The following article by Rudy deLeon and Stefanie Merchant was posted on the Center for American Progress website May 24, 2017:
About every 10 years, Washington resonates with a debate on the relevancy of the North American Treaty Organization (NATO). Then-candidate Donald Trump revived this debate during the 2016 campaign, declaring the organization “obsolete” and blaming its members for not “paying what they should.” Yet, since the inauguration, the vice president, secretary of state, and the secretary of defense all affirmed the significance of NATO to U.S. national security and its importance in the current and future security environment—and their hedging in favor of NATO soon paid off. Following the Trump administration’s military actions in Syria in response to President Bashar Assad’s use of chemical weapons, America’s NATO partners quickly rallied behind President Trump. Canadian Prime Minister Justin Trudeau issued a statement of support backing the U.S. president, saying, “President Assad’s use of chemical weapons and the crimes the Syrian regime has committed against its own people cannot be ignored.” The leaders of Britain, France, Germany, Turkey, Italy, and Poland all lined up with similar statements of support.
Shortly after this outpouring of international support, President Trump met with NATO Secretary General Jens Stoltenberg at the White House. In a joint press conference with Stoltenberg, the president offered a sharp change in his opinion of NATO: “It’s no longer obsolete.” However, the president reiterated that NATO members need to contribute necessary levels of investment in the security partnership. This point is well made and has been voiced by bipartisan leaders in Washington for many years. (more…)
Note: A similar commercial has been airing in the Twin Cities supporting Rep. Erik Paulsen.
The following article by Glenn Kessler was posted on the Washington Post website May 24, 2017:
“As a mom, rising health-care costs are a big concern. My family lost our insurance and doctor because of the Affordable Care Act. But now, we have hope.”
— California resident Elizabeth Jacinto, in an ad sponsored by the American Action Network
In a $2 million ad campaign to support the House GOP health plan, the right-leaning American Action Network (AAN) features a California woman named Elizabeth Jacinto who says she suffered under Obamacare and expresses enthusiasm for the American Health Care Act. The ACHA only narrowly passed the House and was greeted lukewarmly by the Senate, so a key part of the effort appears to assist 21 GOP lawmakers who cast a tough vote to support the proposal. (more…)
The following editorial was posted on the Star Tribune website May 25, 2017:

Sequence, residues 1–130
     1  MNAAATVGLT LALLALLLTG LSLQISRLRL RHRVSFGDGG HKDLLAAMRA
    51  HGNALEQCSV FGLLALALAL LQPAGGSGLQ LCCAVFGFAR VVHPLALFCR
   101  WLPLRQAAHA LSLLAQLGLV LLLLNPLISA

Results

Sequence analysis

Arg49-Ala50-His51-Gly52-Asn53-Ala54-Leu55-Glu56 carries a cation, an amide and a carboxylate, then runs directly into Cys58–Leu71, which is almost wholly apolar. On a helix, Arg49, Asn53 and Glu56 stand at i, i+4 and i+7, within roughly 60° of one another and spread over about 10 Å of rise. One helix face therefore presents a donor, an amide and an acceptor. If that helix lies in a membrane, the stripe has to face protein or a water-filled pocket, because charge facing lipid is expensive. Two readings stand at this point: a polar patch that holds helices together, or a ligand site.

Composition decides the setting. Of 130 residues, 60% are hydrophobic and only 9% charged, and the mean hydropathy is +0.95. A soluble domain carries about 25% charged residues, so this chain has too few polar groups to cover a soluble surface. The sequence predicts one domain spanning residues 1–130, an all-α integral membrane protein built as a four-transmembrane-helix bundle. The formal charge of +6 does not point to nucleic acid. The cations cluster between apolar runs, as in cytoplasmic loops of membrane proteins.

There’s no honor in keeping a promise to repeal Obamacare if replacement is a giant step backward.
A point of clarification for Reps. Erik Paulsen, Tom Emmer and Jason Lewis, the three Minnesota Republican U.S. House members who voted for their party’s health reform plan: When you vowed on the campaign trail to repeal the Affordable Care Act, the expectation was that the replacement plan would improve upon former President Obama’s signature health care law.
But for the second time now, one of the nation’s most authoritative voices has confirmed that the GOP’s American Health Care Act (AHCA) would be a disastrous step backward when it comes to cost and quality coverage, particularly for older and sicker Americans. There’s no honor in keeping a promise to repeal the Obama law, which is how Lewis and others have defended their AHCA support, when the replacement would gut Medicaid, a safety-net program for children and the elderly, and would leave millions more Americans without health insurance. (more…)
May 26, 2017
A MESSAGE FROM THE DEMOCRATIC WHIP
This week, President Trump released his budget for fiscal year 2018. His proposal makes draconian cuts to programs that help working Americans get ahead in order to give enormous tax cuts to the wealthy. This budget has been rejected by both Democrats and Republicans in Congress, who have called it “dead on arrival.” Democrats will continue to urge Republicans to work across the aisle to make investments that will help ensure all working families can make it in America. (more…)
The following article by Max Ehrenfreund was posted on the Washington Post website May 23, 2017:
For President Obama, the gap separating rich and poor Americans was, as he put it in a speech in 2013, “the defining challenge of our time.” He and his administration labored against Republican opposition and stubborn economic realities to shrink that disparity for eight years, making reducing inequality a central goal of national policymaking.
Despite those efforts, the United States remains among the most unequal developed countries, and on Tuesday, President Trump decisively abandoned his predecessor’s attempts to narrow inequality.